Historic B-29 on Display at Lakeland Linder Regional Airport
March 23, 2016
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  • Queen FIFI can still fly.

    CAF B-29 Superfortress “FiFi” In Lakeland

    The historic Warbird, the only one of its kind in the world, is on display this week at Lakeland Linder Regional Airport.

    The only remaining B-29 “Flying Superfortress” bomber still flying landed at the airport late Wednesday morning. She’s the last one flying of 3,970 B-29s that were built during World War II.

    The beautiful old behemoth is nicknamed FIFI.

    Philip Pardon, 71, is the B-29’s tour leader. He works for the Commemorative Air Force, a non-profit organization of 12,000 volunteers dedicated to honoring American military history and its majestic warbirds.

    Pardon said FIFI didn’t make the cut for World War II because she was built at the end of July 1945, just before the war ended.

    She was mothballed in California in 1957 and claimed by the Commemorative Air Force in 1971.

    There are 11 seats on the airplane, including some prime front window seats. The plane is difficult at best to move around in.

    “She wasn’t built for comfort,” Pardon said. “She was built for freedom.”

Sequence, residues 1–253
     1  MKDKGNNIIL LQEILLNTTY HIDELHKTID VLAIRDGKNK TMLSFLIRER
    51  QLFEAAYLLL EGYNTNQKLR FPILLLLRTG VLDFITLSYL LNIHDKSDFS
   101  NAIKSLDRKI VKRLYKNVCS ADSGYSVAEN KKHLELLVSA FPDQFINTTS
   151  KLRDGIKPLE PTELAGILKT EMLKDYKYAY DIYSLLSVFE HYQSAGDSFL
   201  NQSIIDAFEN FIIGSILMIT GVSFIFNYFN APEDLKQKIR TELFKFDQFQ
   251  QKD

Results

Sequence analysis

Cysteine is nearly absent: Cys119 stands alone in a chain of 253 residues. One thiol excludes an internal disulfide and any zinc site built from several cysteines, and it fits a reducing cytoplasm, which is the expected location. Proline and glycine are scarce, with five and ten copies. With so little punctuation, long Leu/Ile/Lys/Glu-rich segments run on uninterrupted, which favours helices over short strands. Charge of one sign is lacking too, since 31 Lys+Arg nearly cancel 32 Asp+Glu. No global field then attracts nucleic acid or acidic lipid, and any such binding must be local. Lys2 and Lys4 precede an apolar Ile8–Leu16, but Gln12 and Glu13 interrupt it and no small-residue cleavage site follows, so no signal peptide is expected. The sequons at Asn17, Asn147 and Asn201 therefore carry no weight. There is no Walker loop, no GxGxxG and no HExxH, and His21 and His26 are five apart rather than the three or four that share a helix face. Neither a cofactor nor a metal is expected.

Lakeland resident Al Herum, 58, is a retired American Airlines pilot who flies for the Commemorative Air Force.

    Herum flew FIFI to Lakeland Wednesday morning from Naples. He calls her “a flying antique.”

    “It rides very well, it’s real stable,” Herum said. He credits that to the “top-notch mechanics” who maintain FIFI. But flying a B-29 isn’t a picnic, he said, because “it’s all muscle.”

    Herum said FIFI goes up only when the weather permits.

    “No clouds, no rain,” Herum said. “We only take her up on nice days. That’s what she deserves. She’s the queen of the Warbird fleet in the United States.”

    The B-29 Superfortress is known as the plane whose missions over Japan helped bring the end of World War II.

    It was built to replace older B-17s and B-24s, with bigger bombing loads and a greater range. In the early 1950s, the B-29 was also flown in the Korean War.

    The main expense for FIFI is her staggering maintenance costs. That’s the reason the Commemorative Air Force charges to see her.

    The ramp tour is $10, $5 for kids 11 to 17. Children 10 and younger are free. FIFI can be seen when she isn’t in the air. She’s at the main terminal through Sunday from 9 a.m. to 5 p.m.

    Ride prices range from $75 to $1,895.

    The Commemorative Air Force has some Warbirds on display near FIFI.

    Rick Rousos can be reached at rick.rousos@theledger.com or 863-802-7509.